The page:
The Vins Fertility have been providing advanced genetic analysis of embryos to avoid serious genetic diseases for well over a decade. As one of the worlds largest providers of Preimplantation Genetic Diagnosis (PGD) genetic screening to the International community, the physicians and scientists at the Fertility Institutes have unmatched experience in coordinating, accommodating and facilitating the complex medical procedures involved in advanced genetic screening of human embryos. You could not choose a more dedicated, experienced group of physicians and scientists than those at the Fertility Institutes. Once you contact us, you will receive detailed instructions for providing our Doctors with the important details of your or your family’s history with sickle cell disorder. The Doctors will request additional preliminary testing and you will be sent special kits to have your blood collected and shipped to our laboratories in the United States. In most instances, arrangements for treatment can be carried out within 30-60 days of your initial contact with us.
The accuracy of PGD in determining genetic abnormalities exceeds 98%. Once we have the genetic information about each embryo available, we are able to sit down with each couple prior to the embryo transfer, discuss the genetic health of each embryo, explain how the genetic information has improved the chances for pregnancy success compared to their prior unsuccessful attempts at IVF elsewhere, and make a determination about the return of the now “known to be normal” embryos to the mother to be. Because PGD so improves the success of IVF, many couples elect, in consultation with us to decrease the total number of embryos placed back in the womb. This also decreases the chance of multiple birth and the chance of prematurity. It also allows for the cryopreservation of extra “normal” embryos for future pregnancies. Our experience has shown that even when far fewer embryos are returned to the uterus, pregnancy success increases following PGD.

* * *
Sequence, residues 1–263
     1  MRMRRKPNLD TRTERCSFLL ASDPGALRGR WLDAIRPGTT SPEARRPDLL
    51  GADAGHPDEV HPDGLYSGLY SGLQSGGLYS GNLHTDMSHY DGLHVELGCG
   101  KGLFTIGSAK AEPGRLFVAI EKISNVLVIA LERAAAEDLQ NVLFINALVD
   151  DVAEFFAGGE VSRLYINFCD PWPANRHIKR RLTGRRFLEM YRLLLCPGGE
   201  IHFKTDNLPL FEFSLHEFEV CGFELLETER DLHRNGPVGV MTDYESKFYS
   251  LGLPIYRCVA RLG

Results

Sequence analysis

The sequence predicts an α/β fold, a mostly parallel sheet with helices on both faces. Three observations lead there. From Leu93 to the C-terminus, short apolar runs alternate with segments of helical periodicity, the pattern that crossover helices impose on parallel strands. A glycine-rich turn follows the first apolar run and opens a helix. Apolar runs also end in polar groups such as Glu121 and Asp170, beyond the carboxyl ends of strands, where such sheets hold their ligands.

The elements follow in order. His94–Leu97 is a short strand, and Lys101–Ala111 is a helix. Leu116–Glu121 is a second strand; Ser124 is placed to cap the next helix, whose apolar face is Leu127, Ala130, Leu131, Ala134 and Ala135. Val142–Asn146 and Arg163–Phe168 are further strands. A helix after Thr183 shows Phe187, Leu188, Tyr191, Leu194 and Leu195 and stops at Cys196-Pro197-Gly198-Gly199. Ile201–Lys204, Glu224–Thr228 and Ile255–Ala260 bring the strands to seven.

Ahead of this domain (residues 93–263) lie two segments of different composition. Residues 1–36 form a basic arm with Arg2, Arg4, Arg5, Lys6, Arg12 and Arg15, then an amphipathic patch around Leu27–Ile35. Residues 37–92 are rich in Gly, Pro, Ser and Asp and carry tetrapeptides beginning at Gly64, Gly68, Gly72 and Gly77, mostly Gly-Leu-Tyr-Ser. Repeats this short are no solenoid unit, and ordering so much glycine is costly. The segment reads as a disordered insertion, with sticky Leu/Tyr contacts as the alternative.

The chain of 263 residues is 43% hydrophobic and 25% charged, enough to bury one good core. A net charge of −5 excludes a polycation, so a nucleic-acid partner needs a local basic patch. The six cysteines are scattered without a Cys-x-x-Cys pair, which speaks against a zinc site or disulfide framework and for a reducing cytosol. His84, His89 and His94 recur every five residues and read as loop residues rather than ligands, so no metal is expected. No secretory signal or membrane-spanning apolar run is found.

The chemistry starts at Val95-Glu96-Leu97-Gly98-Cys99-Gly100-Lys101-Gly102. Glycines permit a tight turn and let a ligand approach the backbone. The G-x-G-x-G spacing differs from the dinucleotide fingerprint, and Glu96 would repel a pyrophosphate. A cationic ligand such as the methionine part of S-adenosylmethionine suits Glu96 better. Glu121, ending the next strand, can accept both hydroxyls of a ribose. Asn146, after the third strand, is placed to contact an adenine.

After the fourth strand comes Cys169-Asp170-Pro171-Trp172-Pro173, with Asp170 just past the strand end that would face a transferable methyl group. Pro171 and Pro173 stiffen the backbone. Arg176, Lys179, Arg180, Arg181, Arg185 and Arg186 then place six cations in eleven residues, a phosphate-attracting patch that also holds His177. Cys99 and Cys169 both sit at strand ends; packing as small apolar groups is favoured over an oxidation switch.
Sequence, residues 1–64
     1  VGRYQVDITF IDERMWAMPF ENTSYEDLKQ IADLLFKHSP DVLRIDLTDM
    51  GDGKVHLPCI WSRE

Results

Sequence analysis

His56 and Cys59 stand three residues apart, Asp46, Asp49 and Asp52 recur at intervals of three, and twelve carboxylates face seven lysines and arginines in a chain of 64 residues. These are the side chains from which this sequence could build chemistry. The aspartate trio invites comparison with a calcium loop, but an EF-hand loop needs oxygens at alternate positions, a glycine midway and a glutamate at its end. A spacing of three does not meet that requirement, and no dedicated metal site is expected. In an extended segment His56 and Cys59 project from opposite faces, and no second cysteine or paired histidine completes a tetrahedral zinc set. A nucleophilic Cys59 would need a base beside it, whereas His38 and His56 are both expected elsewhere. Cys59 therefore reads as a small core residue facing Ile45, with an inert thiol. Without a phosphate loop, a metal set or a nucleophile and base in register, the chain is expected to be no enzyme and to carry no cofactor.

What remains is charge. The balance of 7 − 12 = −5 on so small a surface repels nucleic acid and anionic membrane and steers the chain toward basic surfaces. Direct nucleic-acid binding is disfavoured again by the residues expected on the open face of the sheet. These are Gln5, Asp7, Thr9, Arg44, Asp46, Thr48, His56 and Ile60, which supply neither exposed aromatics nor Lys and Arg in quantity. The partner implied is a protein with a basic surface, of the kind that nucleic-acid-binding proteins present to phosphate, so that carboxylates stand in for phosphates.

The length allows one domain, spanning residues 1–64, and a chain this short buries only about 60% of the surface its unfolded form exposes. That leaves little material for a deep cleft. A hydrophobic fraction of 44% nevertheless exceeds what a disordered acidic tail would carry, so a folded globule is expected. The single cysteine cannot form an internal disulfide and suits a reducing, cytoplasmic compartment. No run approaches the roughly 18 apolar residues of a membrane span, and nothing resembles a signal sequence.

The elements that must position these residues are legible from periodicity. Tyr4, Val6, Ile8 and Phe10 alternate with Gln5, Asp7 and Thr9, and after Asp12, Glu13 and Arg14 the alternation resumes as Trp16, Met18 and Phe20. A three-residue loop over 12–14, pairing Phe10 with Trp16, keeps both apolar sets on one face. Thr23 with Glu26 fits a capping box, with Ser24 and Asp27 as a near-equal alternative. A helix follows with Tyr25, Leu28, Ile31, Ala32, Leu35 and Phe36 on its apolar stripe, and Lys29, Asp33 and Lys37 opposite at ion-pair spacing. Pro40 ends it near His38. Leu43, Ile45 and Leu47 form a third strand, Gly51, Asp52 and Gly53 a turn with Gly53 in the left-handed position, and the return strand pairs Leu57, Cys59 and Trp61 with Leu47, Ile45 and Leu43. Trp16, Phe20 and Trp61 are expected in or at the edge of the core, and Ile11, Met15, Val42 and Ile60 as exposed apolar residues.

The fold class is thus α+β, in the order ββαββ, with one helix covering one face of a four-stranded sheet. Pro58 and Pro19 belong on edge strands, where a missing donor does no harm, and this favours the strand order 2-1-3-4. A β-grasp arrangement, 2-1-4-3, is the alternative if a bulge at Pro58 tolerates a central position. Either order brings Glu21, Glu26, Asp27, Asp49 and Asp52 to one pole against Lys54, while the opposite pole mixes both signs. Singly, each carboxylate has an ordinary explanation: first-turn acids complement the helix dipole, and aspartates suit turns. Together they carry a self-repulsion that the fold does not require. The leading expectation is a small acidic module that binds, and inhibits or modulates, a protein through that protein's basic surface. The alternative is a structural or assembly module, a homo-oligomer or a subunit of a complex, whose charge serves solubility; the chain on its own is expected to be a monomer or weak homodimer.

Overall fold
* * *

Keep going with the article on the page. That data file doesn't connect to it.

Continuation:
See an example of a PGD genetic analysis report. Though these embryos appeared “normal” under the microscope, it can be seen that many carried genetic abnormalities that would not allow for pregnancy. Only those truly “normal” embryos were returned to the mother, with a healthy twin pregnancy resulting.
Sickle cell anemia is an inherited disease of the red blood cells which can cause attacks of pain and damage to vital organs which can lead to premature death. The genetic basis of sickle cell inheritance has been known for many years. It is just recently however that this genetic knowledge has become useful in helping those families known to carry the sickle cell gene avoid the birth of infants affected with the sickle cell disease disorder. The sickle cell prevention PGD program at the Fertility Institutes in Los Angeles and New York approaches 100% certainty in helping couples assure that a pregnancy will not result in the birth of a baby with sickle cell disease.
The sickle cell disorder is known to occur when a person inherits two sickle cell genes (one from each parent) or a combination of one sickle cell gene from one parent and any one of several other abnormal hemoglobin genes from the other. The sickle cell disorder may be the world’s most commonly inherited disorder and is clearly the most common genetic affliction seen in African infants. 1% to 2% of babies born on the African continent are afflicted with sickle cell disorder or one of its variants.
The genes for the sickle related disorders arose in the evolution of mankind as a result of gene mutation. Because of the partial protective effects of sickle genes against the dangers of falciparium malaria, these gene abnormalities proliferated in areas where there was or is a high incidence of malaria. Currently, the Bantus in African countries north of the Zambesi River have a high incidence of sickle cell disorder, with the prevalence varying but significant in all other parts of the African continent.
The inheritance of a sickle cell related disorder occurs at the moment of conception. As a human egg carrying a sickle trait is initially fertilized by a sperm carrying a similar disorder, the resulting new embryo is irreversibly imprinted with the genetic blueprint that will ultimately and inevitably appear as a sickle cell related disorder in the newborn.